Seeking Protection from Your Insurance Policy > Duty to Defend Evaluated
When should an insurance company respond to protect their insured?
If a company is asked to produce extensive records to the Ministry of Environment regarding land they formerly owned – which would cost millions of dollars to search and provide those records – can this company seek the protection of their insurance company for these costs?
What if the company complies willingly with the MOE request? Does that make a difference as to whether they are protected by their insurance policy?
Companies or individuals are sometimes the recipients of letters from third parties, such as governmental agencies, requesting that the company or individual take certain actions.
The issue which arises is whether or not the costs of complying with these request letters is compensable from an insurance policy under its “duty to defend or investigate”?
Why This Matters
This is an illustration of one insured’s rights and responsibilities under their policy of insurance
Qualifying for protection under your insurance policy is a common issue which companies often face in their normal course of business
As seen in the General Electric v. Aviva case below the court will review the letter or request in order to determine whether it is a “claim” which triggers the duty to defend. In doing so, it will rely upon the “pleadings rule”.
If the request letter is not defined by the court to be a “claim” then the costs incurred by the company or individual will seen as compliance costs and not defence costs which would be paid by an insurer.
It appears that one of the key facts, which in this case led to the Court of Appeal’s categorization of the costs as “compliance” was that GE had not opposed the MOE’s request and was fully cooperative with the MOE from the outset. This raises the question of whether the outcome would have been different if GE had refused to carry out the delineation investigation.
In the recent decision of General Electric Canada Company v. Aviva Canada Inc., 2012 ONCA 525 (CanLii), the Ontario Court of Appeal was asked by GE to declare that its insurers had a duty to defend GE in respect of a request by the MOE to provide information relating to contamination of groundwater near a property that was once owned by GE. The Superior Court of Justice had dismissed GE’s application.
In February and April, 2004 the MOE wrote to GE and asking for information regarding the potential contamination and required GE to take action by providing a delineation report to determine the levels of contamination. GE fully cooperated with the MOE and spent $2.1 million for investigation costs, $1.86 for remedial costs and $750,000 for legal costs. GE asked its insurers to pay for these costs.
The application judge reviewed the insurance policies in question and utilized the “pleadings rule”. He concluded that there were 2 questions to be addressed:
1) whether it was possible that the MOE letter amounted to a claim that fell within the policies and thereby triggered the duty to defend; and
2) whether the applicant was seeking a defence to the MOE’s “claim” or rather an indemnity for the cost of compliance with the MOE request.
In rejecting GE’s application, the applications judge stated that “under the pleadings rule, one looks at the “claim” to determine whether it falls within the scope of the coverage afforded by the policy. There is a distinction in the policies between the obligation to investigate/defend and the obligation to indemnify. There is, in my view, also a distinction between the cost of investigation/defence of a claim and the cost of compliance with a claim.” (italics added).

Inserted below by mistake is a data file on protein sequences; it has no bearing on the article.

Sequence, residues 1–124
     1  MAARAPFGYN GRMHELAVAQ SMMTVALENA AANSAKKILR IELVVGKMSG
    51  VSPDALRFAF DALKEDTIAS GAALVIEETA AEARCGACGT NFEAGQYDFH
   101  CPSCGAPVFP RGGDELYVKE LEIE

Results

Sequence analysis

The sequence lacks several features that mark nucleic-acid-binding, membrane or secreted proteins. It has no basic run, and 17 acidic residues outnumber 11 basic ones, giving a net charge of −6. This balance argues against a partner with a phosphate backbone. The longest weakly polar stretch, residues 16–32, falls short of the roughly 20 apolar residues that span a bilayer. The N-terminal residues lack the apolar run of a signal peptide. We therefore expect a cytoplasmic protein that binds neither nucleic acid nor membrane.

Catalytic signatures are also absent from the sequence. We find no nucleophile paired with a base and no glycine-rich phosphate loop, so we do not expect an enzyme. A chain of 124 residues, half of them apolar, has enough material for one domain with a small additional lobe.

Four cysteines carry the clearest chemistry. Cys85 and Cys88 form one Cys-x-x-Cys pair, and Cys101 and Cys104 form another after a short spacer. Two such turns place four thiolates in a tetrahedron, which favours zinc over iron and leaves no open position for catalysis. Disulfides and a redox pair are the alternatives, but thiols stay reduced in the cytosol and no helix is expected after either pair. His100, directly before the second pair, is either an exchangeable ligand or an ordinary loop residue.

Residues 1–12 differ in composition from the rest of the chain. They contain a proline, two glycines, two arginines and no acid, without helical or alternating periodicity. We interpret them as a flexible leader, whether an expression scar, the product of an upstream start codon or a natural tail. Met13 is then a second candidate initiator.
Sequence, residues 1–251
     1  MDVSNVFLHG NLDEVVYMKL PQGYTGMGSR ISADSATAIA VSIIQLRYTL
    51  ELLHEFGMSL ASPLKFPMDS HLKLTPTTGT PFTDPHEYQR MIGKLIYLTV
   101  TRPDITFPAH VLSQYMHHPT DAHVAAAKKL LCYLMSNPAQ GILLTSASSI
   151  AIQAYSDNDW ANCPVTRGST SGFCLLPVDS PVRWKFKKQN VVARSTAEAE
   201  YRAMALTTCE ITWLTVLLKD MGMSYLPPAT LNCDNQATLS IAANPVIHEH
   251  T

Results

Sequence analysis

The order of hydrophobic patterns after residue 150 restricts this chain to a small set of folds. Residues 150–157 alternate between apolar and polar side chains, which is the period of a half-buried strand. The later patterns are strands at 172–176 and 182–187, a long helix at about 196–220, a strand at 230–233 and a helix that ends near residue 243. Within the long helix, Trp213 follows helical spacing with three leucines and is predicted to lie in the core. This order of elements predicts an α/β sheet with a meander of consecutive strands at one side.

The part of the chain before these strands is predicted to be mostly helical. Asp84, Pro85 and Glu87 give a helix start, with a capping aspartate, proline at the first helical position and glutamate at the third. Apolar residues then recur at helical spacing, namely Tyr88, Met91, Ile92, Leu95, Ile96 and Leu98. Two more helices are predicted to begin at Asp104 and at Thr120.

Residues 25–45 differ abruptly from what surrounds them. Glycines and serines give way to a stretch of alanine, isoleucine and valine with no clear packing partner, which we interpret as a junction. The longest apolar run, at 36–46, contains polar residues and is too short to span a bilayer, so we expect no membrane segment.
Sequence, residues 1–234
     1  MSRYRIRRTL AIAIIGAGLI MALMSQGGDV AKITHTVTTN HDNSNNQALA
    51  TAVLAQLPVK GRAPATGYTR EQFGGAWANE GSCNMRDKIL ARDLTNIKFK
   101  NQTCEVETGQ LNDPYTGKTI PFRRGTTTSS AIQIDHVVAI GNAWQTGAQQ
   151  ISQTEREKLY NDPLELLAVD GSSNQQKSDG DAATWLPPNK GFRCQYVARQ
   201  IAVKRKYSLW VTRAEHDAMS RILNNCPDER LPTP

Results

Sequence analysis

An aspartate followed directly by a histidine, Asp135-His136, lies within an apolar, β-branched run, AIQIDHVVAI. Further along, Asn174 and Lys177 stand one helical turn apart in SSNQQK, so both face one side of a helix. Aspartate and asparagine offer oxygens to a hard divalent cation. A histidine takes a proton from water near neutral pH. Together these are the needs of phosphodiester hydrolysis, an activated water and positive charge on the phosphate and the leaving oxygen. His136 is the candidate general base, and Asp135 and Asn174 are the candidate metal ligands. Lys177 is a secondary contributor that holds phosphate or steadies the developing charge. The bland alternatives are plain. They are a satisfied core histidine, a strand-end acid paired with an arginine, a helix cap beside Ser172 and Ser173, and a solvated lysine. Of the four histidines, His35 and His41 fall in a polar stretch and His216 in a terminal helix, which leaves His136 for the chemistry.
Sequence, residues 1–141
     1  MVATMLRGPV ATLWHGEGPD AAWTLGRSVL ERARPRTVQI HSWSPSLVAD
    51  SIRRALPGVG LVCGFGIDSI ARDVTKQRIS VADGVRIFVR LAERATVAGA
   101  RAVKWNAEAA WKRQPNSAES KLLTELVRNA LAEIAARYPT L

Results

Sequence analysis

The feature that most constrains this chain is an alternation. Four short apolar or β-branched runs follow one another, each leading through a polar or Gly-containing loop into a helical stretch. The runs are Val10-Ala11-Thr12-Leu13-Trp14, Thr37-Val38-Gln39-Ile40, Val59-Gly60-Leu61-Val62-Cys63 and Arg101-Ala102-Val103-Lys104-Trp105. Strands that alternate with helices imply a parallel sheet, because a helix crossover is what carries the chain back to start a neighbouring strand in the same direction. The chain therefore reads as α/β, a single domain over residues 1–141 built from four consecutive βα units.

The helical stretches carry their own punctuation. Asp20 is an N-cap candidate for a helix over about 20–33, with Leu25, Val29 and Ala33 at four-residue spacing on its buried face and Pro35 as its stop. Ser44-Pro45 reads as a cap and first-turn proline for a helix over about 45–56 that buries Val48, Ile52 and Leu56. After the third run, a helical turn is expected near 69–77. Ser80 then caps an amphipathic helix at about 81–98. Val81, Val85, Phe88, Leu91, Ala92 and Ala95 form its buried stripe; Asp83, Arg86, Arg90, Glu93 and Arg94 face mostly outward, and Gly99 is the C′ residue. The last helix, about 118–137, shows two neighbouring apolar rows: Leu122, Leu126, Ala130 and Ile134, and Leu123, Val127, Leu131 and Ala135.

In interpreting the MOE’s letter, the applications judge took note that GE did not “defend” against the MOE’s request nor did it investigate the “claim.” GE had complied with the MOE’s request and performed the work on the basis that it was thought to be in GE’s best interests to do so.
The applications judge concluded that what GE called “defence costs” were not costs of defending against the MOE’s claim but, in fact, the costs of complying with the MOE’s claim.
GE’s ground of appeal to the Court of Appeal, was that the applications judge had erred in restricting his analysis to the literal text of the MOE letter and that he had ignored the reality of what was communicated in the MOE’s letter ie. that there was a substantial potential liability for property damage imposed by the Environmental Protection Act, R.S.O. 1990, c. E.19.
The Court of Appeal reiterated that the duty to defend depends on the “pleadings rule” which states that one must look at the allegations made in the pleadings. If the pleadings allege facts which, if true, would require the insurer to indemnify the insured for the claim, then the insurer is obliged to provide a defence.
Although the pleadings rule usually applied to a statement of claim or similar pleading, it could also apply to a letter that asserted liability for damages. The Court of Appeal noted that the authorities as a general rule established that for a “claim” to be made there must be some form of communication of a demand for compensation or other from of reparation by a third party.
The Court of Appeal agreed with the applications judge’s interpretation of the MOE letter ie. that it the only evidence of a “claim” was its request that GE delineate the source of the contamination. GE did not oppose, defend or investigate that request. The costs were therefore for “compliance” and not “defence” costs. To interpret the MOE letter as potential legal consequences under the EPA would have been to engage in speculation.
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